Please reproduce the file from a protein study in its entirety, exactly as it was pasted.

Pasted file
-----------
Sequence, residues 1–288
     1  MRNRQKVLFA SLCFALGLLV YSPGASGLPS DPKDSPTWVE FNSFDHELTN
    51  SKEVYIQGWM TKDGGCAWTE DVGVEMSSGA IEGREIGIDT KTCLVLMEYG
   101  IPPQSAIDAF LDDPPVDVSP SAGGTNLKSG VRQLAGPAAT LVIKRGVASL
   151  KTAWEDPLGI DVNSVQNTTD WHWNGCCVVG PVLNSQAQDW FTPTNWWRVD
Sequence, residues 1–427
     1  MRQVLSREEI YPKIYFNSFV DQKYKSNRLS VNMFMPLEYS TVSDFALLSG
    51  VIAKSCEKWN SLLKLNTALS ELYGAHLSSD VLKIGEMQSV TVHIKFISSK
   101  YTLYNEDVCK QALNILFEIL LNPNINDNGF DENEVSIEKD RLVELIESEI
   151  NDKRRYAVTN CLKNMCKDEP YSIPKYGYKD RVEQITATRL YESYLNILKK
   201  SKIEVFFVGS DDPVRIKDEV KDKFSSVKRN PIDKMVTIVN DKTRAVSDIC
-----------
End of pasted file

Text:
Sequence, residues 1–288
     1  MRNRQKVLFA SLCFALGLLV YSPGASGLPS DPKDSPTWVE FNSFDHELTN
    51  SKEVYIQGWM TKDGGCAWTE DVGVEMSSGA IEGREIGIDT KTCLVLMEYG
   101  IPPQSAIDAF LDDPPVDVSP SAGGTNLKSG VRQLAGPAAT LVIKRGVASL
   151  KTAWEDPLGI DVNSVQNTTD WHWNGCCVVG PVLNSQAQDW FTPTNWWRVD
Sequence, residues 1–427
     1  MRQVLSREEI YPKIYFNSFV DQKYKSNRLS VNMFMPLEYS TVSDFALLSG
    51  VIAKSCEKWN SLLKLNTALS ELYGAHLSSD VLKIGEMQSV TVHIKFISSK
   101  YTLYNEDVCK QALNILFEIL LNPNINDNGF DENEVSIEKD RLVELIESEI
   151  NDKRRYAVTN CLKNMCKDEP YSIPKYGYKD RVEQITATRL YESYLNILKK
   201  SKIEVFFVGS DDPVRIKDEV KDKFSSVKRN PIDKMVTIVN DKTRAVSDIC